Fuzhong Zhang, Ph.D.

Associate Professor
Energy, Environmental & Chemical Engineering

Plant and Microbial Biosciences Program
Molecular Microbiology and Microbial Pathogenesis Program
Computational and Systems Biology Program
Biochemistry, Biophysics, and Structural Biology Program

  • 314-935-7671

  • 314-935-7985

  • 314-935-7211

  • Brauer Hall 1022

  • FZhang29@WUSTL.EDU

  • http://zhang.eece.wustl.edu/

  • Synthetic biology, Metabolic engineering, regulatory systems, biofuels, biomaterials

  • Synthetic biology for advanced biofuels, biomaterials, and chemicals.

Research Abstract:

At the Zhang lab, we are interested in using synthetic biology to revolutionize biomanufacturing. We develop microbial systems to produce advanced biofuels that can be directly used in current engines without supplementation, to synthesize novel biomaterials that have properties and functions not achievable by natural and chemically-synthetic materials, and to produce chemicals from renewable feedstock (e.g. lignin). Meanwhile, we engineer synthetic control systems to regulate complex microbial behaviors, including dynamic metabolite sensing and regulation, population heterogeneity, and single cell control.

Dynamic Regulatory Systems:
When engineering microbes to produce biofuels, biomaterials, or other value-added chemicals, it is essential to have high productivity and conversion yield to make such technology economically viable. A critical step toward this goal is to allow cells to constantly monitor their environment and metabolism, and adjust their cellular processes according to their conditions. We are interested in engineering synthetic regulatory systems to dynamically control cellular metabolism. Meanwhile, at single cell level, individual cells often perform differently due to stochastic biological processes, we aim to understand the cause of microbial population heterogeneity and develop methods to control cell-to-cell variations.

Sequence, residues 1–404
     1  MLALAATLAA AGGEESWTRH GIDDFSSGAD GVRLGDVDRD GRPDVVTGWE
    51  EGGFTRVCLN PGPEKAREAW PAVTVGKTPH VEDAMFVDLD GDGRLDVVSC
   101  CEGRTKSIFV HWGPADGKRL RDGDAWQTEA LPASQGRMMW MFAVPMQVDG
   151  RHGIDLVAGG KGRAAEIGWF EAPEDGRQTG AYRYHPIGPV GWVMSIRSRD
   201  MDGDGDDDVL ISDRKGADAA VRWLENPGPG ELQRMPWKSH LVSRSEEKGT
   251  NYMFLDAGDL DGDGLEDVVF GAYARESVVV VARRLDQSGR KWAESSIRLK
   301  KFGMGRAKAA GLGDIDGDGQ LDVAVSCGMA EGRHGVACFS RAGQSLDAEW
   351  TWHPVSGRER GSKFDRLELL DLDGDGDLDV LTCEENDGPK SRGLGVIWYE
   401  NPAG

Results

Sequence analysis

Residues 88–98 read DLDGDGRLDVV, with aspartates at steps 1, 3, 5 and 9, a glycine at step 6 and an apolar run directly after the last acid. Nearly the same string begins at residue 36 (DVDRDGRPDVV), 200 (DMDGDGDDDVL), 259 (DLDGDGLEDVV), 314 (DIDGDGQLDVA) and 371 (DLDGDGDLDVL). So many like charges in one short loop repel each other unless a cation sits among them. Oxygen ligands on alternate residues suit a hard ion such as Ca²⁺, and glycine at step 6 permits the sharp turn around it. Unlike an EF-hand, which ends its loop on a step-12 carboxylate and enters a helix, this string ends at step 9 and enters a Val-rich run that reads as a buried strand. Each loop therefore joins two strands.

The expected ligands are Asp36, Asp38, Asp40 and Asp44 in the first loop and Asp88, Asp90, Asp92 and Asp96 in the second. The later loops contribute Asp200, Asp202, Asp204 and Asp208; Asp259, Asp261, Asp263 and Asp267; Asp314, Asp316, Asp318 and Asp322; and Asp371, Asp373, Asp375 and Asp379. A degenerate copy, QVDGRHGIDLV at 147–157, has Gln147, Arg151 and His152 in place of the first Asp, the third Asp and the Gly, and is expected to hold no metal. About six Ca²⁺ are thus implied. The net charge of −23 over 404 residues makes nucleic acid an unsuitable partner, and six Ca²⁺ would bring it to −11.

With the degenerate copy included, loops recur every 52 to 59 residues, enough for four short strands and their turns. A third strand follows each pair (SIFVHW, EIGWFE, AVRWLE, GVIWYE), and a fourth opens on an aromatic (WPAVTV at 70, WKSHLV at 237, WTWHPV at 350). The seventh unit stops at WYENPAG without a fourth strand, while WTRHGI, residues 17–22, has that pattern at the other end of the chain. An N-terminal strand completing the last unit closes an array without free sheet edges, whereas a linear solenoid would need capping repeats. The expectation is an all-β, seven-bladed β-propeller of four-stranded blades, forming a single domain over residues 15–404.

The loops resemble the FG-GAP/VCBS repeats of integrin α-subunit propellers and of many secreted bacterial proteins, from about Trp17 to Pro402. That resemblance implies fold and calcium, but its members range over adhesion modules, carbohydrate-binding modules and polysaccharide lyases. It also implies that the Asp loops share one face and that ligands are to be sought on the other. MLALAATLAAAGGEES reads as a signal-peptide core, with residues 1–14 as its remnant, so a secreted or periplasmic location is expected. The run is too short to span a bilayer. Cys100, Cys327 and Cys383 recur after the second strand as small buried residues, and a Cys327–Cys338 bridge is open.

Advanced Biofuels:
To meet the increasing demands of sustainable transportation energy, we aim to engineer microbes to produce advanced biofuels that could be readily used in current engines. One of the biggest challenges is to biosynthesize non-natural molecules that have structures exactly the same or highly similar to the fuels currently derived from petroleum. We are engineering enzymes and constructing novel metabolic pathways to produce these compounds. In addition, we are also developing synthetic biology tools to improve the titer, yield, and productivity of the advanced biofuels.

Advanced Biomaterials:
We develop synthetic biology platforms to produce advanced biomaterials with properties and functions not achievable by natural materials.

Selected Publications:

Xiao Y., Bowen C.H., Liu D., Zhang F., Exploiting non-genetic, cell-to-cell variation for enhanced biosynthesis. Nat Chem Biol 12, 339-344, (2016).

Bentley G.J., Jiang W., Xiao Y., Zhang F., Engineering Escherichia coli to Produce Branched-chain Fatty Acids in High Percentages. Metab Eng 38,148-158 (2016).

Bowen C.H., Bonin J., Kogler A., Barba-Ostria C., Zhang F., Engineering Escherichia coli for conversion of glucose to medium-chain ω-hydroxy fatty acids and α,ω-dicarboxylic acids. ACS Synth Biol. 5(3), 200-206, (2016).

Zhang, F., Carothers, J.M., Keasling, J.D., Design of a dynamic sensor-regulator system for production of chemicals and fuels derived from fatty acids. Nat Biotechnol, 30, (4), 354-359 (2012)

Last Updated: 2/8/2018 1:21:48 PM

Microbial population control (cover issue of Nat Chem Biol)
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